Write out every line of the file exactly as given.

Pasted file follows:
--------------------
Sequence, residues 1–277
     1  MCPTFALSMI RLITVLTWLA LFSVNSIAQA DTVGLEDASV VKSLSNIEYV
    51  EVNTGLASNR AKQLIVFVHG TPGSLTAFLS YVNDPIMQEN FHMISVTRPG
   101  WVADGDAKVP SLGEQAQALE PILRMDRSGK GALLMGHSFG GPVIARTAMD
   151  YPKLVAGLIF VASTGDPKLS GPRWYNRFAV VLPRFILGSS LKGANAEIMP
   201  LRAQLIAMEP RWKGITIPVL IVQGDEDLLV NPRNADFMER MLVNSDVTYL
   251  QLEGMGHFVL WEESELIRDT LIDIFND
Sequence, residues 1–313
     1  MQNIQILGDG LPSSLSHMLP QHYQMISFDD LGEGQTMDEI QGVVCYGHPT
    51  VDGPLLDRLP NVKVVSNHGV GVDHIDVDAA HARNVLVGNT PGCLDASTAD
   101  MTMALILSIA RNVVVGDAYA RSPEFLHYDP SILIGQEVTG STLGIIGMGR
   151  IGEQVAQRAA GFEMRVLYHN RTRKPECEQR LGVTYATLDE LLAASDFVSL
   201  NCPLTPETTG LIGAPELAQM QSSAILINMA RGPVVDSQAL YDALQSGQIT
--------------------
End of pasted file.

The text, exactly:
Sequence, residues 1–277
     1  MCPTFALSMI RLITVLTWLA LFSVNSIAQA DTVGLEDASV VKSLSNIEYV
    51  EVNTGLASNR AKQLIVFVHG TPGSLTAFLS YVNDPIMQEN FHMISVTRPG
   101  WVADGDAKVP SLGEQAQALE PILRMDRSGK GALLMGHSFG GPVIARTAMD
   151  YPKLVAGLIF VASTGDPKLS GPRWYNRFAV VLPRFILGSS LKGANAEIMP
   201  LRAQLIAMEP RWKGITIPVL IVQGDEDLLV NPRNADFMER MLVNSDVTYL
   251  QLEGMGHFVL WEESELIRDT LIDIFND
Sequence, residues 1–313
     1  MQNIQILGDG LPSSLSHMLP QHYQMISFDD LGEGQTMDEI QGVVCYGHPT
    51  VDGPLLDRLP NVKVVSNHGV GVDHIDVDAA HARNVLVGNT PGCLDASTAD
   101  MTMALILSIA RNVVVGDAYA RSPEFLHYDP SILIGQEVTG STLGIIGMGR
   151  IGEQVAQRAA GFEMRVLYHN RTRKPECEQR LGVTYATLDE LLAASDFVSL
   201  NCPLTPETTG LIGAPELAQM QSSAILINMA RGPVVDSQAL YDALQSGQIT